For maximum meat tenderness, it’s critical to cut your meat “against the grain”. The grain refers to the direction in which the meat fibre runs. If you carve with the grain, the longer length of the fibre makes the slice of meat chewy. Carving across the grain shortens the length of the fibre, making it far tenderer to eat. Slicing across the grain is a technique used mostly for stir fried dishes where the meat should cook over high heat in the shortest time possible.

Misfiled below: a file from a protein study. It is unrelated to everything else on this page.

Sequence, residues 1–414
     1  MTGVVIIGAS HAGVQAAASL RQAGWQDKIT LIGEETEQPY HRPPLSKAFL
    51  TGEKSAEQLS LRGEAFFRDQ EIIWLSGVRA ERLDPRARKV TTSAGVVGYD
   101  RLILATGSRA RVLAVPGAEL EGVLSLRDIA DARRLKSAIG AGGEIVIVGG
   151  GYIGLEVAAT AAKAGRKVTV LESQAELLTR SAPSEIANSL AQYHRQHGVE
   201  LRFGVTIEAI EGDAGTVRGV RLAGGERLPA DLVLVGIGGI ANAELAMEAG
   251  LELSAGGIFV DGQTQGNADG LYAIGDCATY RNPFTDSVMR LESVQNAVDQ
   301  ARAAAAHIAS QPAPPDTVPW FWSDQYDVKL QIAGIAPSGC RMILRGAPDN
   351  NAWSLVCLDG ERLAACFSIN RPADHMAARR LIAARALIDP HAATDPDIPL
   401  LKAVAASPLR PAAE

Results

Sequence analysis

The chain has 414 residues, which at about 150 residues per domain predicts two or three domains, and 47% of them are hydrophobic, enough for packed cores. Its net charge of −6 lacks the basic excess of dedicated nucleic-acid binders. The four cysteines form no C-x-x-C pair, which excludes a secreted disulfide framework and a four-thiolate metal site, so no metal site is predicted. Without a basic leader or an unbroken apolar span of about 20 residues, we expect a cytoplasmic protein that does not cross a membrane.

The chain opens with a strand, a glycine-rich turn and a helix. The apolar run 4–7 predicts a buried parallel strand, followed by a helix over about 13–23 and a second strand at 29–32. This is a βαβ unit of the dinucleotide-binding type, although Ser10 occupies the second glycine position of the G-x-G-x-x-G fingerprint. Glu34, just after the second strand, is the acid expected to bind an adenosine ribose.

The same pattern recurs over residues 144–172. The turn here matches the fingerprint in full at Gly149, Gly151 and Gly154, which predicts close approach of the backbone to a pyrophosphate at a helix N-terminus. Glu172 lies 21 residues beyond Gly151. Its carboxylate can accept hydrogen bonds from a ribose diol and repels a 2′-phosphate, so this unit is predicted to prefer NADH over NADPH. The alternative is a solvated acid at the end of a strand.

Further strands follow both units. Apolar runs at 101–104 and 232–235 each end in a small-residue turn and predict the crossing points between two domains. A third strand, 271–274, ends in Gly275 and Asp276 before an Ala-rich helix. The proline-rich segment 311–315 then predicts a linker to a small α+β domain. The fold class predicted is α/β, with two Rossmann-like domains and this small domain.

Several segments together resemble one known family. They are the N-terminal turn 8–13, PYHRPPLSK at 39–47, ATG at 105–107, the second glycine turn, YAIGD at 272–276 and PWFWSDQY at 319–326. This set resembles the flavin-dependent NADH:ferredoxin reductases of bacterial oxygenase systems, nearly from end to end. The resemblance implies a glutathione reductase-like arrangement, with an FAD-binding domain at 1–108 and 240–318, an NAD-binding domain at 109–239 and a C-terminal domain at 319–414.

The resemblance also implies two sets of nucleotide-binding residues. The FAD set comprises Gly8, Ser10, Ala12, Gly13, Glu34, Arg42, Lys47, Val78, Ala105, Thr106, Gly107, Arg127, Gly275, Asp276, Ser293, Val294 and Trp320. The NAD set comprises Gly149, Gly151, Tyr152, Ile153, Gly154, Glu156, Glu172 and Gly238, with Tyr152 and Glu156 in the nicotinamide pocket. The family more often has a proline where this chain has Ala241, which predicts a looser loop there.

Think of the letter T. If the bar on top of the T shows the direction the meat fibre goes, then, position your knife to be the vertical line of the letter T. What you’re aiming for is cutting those long fibres into the shortest possible length because the shorter the fibres, the shorter the cooking time required for the beef to become tender.
Larger cuts, such as roasts, that require carving should also be carved across the grain to ensure maximum tenderness.